“I would give more credit to an ‘ordinary parent’ than I would give to an entire library of books written by the ‘top scholars’ on child development. …A parent, under the right conditions (not badly conditioned, themselves) is in a better position to see the truth.”
Yes, and those who believe that G-d wants them to beat the sin out of their children (who have been raised properly, to understand Original Sin, and the relationship between parent and child, G-d and man) are clearly (being more aware of our sinful nature) in a better position to see the truth (and G-d reveals it to them, don’t forget).
“I can pick up any child-rearing or child-development book and within seconds discover whether it contains “poisonous pedagogy” (Alice Miller’s term) – the ones that appear largely free from this are the ones I take home to read and think about – and take issue with in many cases.”
I tend to pick up the poisonous ones, myself. 😉
“The principal benefit is a deeper understanding of how similar my child is to me emotionally and psychologically, and a confirmation of my instinct (which, BTW, can be changed through personal growth – we’re not stuck with the inborn or those mal-conditioned by our early formative experiences) that the less I interfere with my child’s development through manipulation and coercion, the healthier, happier, and more responsible and self-sufficient adult she will become.”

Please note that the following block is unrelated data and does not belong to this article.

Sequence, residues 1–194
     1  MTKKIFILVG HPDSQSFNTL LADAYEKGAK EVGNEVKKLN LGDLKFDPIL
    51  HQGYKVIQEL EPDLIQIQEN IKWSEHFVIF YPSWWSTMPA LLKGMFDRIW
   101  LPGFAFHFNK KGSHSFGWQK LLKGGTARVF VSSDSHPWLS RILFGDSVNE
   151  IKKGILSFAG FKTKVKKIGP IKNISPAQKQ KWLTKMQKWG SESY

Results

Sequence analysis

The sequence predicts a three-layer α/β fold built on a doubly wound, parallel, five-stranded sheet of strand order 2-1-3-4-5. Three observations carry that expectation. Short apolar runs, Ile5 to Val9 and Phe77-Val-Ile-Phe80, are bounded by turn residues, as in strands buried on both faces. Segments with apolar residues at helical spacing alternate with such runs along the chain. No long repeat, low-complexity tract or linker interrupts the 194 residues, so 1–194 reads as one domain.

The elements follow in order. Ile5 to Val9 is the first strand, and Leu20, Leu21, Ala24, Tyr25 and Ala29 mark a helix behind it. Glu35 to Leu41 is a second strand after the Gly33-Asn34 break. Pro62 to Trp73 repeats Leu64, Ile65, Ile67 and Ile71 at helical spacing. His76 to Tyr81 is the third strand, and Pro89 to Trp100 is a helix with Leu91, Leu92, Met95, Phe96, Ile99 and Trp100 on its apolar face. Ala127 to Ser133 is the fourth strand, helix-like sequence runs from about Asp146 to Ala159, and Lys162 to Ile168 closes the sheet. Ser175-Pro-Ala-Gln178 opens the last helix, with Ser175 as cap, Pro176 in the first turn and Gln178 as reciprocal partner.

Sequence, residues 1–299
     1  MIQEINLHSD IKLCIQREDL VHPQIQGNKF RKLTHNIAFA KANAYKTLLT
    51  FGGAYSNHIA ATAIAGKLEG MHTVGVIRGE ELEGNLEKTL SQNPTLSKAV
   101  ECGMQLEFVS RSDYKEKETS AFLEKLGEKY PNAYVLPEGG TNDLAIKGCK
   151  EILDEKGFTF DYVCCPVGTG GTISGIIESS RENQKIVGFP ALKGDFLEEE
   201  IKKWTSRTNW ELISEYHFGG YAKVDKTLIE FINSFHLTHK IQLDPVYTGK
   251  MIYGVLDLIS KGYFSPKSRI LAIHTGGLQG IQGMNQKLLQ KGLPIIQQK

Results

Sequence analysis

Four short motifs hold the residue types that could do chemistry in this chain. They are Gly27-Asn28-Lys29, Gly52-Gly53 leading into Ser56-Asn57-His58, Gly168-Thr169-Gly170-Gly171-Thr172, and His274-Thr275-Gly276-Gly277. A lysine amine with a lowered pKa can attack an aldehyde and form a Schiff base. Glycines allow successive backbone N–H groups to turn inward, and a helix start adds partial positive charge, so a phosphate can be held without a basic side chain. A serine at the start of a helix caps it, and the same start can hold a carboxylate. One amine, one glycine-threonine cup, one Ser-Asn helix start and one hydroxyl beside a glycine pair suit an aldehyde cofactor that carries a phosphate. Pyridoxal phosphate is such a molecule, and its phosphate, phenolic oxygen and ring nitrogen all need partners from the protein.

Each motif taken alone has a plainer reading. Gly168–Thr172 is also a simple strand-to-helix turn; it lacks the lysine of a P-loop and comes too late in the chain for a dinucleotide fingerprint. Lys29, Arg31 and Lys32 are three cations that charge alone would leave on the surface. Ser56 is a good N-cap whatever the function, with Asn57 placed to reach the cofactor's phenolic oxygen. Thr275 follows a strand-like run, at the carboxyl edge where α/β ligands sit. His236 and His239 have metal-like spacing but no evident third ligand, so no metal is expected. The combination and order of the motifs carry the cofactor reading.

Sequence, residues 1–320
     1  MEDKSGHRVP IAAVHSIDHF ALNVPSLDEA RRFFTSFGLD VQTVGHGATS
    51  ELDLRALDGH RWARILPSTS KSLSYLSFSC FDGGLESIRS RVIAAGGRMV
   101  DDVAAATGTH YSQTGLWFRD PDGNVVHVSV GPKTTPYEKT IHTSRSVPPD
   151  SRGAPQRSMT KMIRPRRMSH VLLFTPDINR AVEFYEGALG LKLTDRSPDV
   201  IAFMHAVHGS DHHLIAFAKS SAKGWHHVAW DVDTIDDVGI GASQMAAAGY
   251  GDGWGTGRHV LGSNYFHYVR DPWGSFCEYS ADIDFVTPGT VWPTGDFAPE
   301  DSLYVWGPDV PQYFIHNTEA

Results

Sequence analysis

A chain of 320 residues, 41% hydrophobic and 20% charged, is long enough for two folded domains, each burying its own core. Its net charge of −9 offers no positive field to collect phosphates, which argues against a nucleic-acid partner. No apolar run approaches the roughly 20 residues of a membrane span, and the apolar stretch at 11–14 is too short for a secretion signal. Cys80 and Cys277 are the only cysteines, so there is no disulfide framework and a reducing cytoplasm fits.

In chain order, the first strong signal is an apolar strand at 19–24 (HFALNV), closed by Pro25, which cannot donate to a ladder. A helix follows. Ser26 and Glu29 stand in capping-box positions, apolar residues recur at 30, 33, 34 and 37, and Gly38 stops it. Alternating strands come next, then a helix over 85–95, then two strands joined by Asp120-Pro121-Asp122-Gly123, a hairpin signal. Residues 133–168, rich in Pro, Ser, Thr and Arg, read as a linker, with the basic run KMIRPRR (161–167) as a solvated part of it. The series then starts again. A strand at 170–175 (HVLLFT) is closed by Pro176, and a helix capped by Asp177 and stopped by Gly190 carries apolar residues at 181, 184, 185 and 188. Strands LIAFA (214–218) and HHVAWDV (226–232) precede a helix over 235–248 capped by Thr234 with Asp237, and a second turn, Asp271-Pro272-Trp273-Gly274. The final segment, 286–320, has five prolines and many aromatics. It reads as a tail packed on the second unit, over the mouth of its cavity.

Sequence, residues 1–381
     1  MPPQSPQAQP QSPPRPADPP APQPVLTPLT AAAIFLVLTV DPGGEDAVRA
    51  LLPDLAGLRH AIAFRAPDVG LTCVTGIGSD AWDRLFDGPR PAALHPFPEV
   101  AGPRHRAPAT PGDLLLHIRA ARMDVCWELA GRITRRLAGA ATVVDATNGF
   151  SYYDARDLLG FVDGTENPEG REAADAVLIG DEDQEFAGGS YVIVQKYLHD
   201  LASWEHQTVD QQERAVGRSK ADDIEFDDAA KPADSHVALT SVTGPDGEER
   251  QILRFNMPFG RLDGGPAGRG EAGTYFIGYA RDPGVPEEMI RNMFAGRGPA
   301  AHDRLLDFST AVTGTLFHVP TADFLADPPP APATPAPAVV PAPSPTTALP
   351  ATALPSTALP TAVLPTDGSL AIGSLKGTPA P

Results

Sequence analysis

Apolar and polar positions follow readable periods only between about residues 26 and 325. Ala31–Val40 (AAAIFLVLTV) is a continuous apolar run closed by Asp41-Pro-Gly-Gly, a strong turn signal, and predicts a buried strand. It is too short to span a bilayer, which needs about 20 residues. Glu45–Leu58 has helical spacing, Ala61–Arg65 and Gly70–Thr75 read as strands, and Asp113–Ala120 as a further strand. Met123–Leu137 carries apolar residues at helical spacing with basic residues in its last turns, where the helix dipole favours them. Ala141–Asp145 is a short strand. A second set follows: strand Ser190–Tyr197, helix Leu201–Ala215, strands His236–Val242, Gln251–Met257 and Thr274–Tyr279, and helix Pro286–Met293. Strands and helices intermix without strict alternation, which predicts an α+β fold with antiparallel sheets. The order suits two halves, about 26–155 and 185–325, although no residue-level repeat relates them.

I too disagree with [Poster 1] that the wisdom of “your average parent” is worth more than that of other sources. I’d never suggest that we should defer to experts – absolutely not – and I am always urging expert-worshippers to start thinking a bit more critically – but I agree with [Poster 3] that it is worth considering the ideas of those who have been interested enough to spend time thinking about these things. “Considering” does not imply “adopting without criticism” or even “adopting” at all. I think of it as exposing myself and my ideas to criticism. Taking the view that I, an ordinary parent, can keep my head in the sand and not listen to any criticism – from whatever source – is not going to improve things, is it? Improving things requires the creation of new knowledge.
“child, but I am also more conscientious about how I’m coming across with her – I try to talk in a more friendly-, patient-, and cheerful-sounding voice, which I wouldn’t worry so much about when talking to adults.”